An opera singer’s training is a nonstop, continual journey of discovery for improvement, but once on stage Lebow said that his teacher advises him to just have fun. “That’s important because if I try to give myself a voice lesson, I cut myself off from what I’m doing artistically … then everything starts to shut down, you are not communicating with yourself and [therefore] not communicating with the audience.”
As an opera singer, Lebow is going to be working on his technique for the rest of his life anyway, so the stage is the place to give.
When studying a piece, the first thing Lebow does is to let the music paint a picture for him. He also listens to recordings of other singers and will impose some of their elements into his own singing, where he feels that is how that part is meant to be sung, but he said: “Ultimately it’s coming from me, and that’s the only way it can be. I can’t be Fritz Wunderlich, I can’t be Plácido Domingo, that’s impossible. They are two totally different people, so all I can do is bring my own experience to the piece that I’m working on, and that’s enough.”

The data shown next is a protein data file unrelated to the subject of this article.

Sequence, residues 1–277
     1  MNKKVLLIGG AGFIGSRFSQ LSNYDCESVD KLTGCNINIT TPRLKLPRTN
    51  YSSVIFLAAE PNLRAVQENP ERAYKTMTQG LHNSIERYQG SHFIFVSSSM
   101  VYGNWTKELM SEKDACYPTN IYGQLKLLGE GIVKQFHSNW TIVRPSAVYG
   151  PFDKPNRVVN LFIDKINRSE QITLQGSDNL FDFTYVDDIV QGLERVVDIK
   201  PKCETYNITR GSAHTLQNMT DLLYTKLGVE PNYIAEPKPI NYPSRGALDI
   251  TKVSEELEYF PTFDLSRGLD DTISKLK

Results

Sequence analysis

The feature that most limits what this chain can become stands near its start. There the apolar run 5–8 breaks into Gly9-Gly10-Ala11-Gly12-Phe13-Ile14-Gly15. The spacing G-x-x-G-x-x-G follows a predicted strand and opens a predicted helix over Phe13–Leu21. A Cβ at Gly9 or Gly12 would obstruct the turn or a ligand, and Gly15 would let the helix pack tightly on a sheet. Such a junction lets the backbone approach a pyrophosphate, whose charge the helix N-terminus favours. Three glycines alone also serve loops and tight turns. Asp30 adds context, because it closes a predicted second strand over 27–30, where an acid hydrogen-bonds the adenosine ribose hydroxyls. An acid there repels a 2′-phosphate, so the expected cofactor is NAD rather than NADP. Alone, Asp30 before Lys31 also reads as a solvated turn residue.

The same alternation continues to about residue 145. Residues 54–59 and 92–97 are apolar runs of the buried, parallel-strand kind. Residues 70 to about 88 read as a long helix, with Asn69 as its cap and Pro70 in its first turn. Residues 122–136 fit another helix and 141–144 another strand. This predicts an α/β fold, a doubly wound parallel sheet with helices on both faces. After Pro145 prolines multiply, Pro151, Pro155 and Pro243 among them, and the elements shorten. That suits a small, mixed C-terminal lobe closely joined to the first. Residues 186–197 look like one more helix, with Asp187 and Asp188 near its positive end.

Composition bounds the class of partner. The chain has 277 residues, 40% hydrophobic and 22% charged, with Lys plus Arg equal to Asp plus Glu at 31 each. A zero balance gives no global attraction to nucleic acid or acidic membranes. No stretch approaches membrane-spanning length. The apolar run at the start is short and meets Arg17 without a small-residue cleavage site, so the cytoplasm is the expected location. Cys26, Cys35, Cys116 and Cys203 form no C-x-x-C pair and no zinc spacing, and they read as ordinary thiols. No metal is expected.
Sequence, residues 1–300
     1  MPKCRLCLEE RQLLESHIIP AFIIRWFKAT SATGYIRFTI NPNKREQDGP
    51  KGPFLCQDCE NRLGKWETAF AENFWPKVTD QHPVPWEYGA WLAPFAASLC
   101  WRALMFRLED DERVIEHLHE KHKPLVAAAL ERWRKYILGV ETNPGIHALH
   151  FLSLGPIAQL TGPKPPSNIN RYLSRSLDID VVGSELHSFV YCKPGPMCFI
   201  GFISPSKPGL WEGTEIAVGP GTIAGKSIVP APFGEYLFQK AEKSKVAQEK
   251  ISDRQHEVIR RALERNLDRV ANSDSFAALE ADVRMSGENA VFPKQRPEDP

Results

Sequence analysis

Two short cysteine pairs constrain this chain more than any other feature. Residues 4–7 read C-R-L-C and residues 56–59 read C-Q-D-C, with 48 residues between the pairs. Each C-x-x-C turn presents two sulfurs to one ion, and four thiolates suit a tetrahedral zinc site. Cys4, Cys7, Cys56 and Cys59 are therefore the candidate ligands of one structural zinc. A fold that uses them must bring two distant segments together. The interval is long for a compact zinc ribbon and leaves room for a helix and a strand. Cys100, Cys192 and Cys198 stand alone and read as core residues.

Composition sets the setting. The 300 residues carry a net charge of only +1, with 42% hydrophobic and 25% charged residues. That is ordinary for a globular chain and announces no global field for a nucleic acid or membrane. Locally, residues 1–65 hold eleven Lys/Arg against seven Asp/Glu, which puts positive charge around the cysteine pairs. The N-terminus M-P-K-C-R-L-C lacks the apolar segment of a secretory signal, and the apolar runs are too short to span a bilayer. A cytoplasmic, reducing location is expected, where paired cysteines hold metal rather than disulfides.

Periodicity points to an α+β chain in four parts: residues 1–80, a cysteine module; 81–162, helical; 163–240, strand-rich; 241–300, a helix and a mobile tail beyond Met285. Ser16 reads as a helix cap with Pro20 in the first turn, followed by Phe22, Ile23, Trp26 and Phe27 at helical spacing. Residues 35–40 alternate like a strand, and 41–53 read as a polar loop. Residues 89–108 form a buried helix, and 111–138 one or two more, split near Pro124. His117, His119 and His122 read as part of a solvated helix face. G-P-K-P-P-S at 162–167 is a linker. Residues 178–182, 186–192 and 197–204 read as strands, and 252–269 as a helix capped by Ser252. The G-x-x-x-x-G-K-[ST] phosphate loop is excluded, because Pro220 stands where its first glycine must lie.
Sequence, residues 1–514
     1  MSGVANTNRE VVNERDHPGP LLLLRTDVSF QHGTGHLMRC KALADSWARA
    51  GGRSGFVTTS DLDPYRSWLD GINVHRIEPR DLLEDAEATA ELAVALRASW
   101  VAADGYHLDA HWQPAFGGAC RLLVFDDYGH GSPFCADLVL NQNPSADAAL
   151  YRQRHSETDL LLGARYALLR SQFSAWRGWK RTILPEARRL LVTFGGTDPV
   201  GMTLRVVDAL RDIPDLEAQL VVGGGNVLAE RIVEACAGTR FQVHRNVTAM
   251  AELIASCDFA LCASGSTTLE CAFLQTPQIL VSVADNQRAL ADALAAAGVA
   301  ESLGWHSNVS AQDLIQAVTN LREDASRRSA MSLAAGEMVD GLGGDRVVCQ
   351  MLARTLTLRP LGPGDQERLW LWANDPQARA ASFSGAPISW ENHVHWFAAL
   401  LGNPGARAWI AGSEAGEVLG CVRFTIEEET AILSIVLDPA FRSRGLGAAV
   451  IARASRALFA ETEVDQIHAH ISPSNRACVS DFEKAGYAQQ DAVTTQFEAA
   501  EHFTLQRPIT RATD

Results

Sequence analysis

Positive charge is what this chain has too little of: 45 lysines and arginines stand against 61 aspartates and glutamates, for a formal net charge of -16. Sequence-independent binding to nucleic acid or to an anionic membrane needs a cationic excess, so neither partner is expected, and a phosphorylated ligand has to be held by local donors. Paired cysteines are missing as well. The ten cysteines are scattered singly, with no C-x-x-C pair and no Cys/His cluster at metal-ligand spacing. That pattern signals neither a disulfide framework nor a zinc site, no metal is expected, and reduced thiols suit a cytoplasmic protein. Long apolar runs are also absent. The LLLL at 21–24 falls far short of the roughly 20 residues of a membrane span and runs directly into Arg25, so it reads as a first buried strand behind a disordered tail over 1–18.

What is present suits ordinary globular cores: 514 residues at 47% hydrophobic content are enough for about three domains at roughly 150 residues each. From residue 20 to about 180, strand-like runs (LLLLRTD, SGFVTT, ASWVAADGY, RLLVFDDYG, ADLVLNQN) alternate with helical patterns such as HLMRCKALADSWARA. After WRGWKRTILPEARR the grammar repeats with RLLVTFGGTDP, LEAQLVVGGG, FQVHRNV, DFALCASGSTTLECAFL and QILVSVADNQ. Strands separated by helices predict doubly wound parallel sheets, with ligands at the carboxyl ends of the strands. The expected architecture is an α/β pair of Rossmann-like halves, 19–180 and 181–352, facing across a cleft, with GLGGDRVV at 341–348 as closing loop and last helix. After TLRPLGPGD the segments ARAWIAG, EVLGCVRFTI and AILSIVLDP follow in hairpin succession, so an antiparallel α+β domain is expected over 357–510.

One might think that “Una furtiva lagrima” (“A Single Furtive Tear”) by Gaetano Donizetti in the Italian opera “L’elisir d’amore” (“The Elixir of Love”) is a sad song because it’s in minor and sounds rather nostalgic in its longing and discovery. However, Lebow pointed out that he feels “ultimately it is a joyous moment,” because it is when Nemorino, a rustic man, realizes that his dream lady, Adina, actually loves him. “But it’s also more complex than that,” he said.
One of Lebow’s recent performances was at the New York Festival of Song on April 28 at the Merkin Concert Hall. He sang “Canciones de Lorca” about the famous Spanish poet’s life, commissioned by Plácido Domingo. It was the most challenging singing Lebow has done because it has very long melismatic lines requiring extensive breath control. He interpreted it as a nostalgic piece. “I had to convey the longing and the sadness of that. I’ve felt those emotions at one time or another, so I know how to call upon [those emotions for the performance],” he said.